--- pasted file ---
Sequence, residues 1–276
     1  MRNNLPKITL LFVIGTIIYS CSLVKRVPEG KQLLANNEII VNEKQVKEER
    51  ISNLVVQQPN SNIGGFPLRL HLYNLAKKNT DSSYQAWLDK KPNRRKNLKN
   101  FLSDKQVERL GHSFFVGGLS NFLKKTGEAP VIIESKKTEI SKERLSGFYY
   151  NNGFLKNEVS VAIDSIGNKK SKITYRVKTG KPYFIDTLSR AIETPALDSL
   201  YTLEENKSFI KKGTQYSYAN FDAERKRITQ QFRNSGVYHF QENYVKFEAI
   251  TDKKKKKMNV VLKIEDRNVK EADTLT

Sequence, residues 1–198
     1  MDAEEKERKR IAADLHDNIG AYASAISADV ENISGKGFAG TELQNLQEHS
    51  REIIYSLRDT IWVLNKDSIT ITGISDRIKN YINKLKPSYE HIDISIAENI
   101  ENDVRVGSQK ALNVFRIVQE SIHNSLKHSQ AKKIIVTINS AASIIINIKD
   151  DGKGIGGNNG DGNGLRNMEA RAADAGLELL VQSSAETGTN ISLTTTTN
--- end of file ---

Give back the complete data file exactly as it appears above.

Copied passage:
Sequence, residues 1–276
     1  MRNNLPKITL LFVIGTIIYS CSLVKRVPEG KQLLANNEII VNEKQVKEER
    51  ISNLVVQQPN SNIGGFPLRL HLYNLAKKNT DSSYQAWLDK KPNRRKNLKN
   101  FLSDKQVERL GHSFFVGGLS NFLKKTGEAP VIIESKKTEI SKERLSGFYY
   151  NNGFLKNEVS VAIDSIGNKK SKITYRVKTG KPYFIDTLSR AIETPALDSL
   201  YTLEENKSFI KKGTQYSYAN FDAERKRITQ QFRNSGVYHF QENYVKFEAI
   251  TDKKKKKMNV VLKIEDRNVK EADTLT

Sequence, residues 1–198
     1  MDAEEKERKR IAADLHDNIG AYASAISADV ENISGKGFAG TELQNLQEHS
    51  REIIYSLRDT IWVLNKDSIT ITGISDRIKN YINKLKPSYE HIDISIAENI
   101  ENDVRVGSQK ALNVFRIVQE SIHNSLKHSQ AKKIIVTINS AASIIINIKD
   151  DGKGIGGNNG DGNGLRNMEA RAADAGLELL VQSSAETGTN ISLTTTTN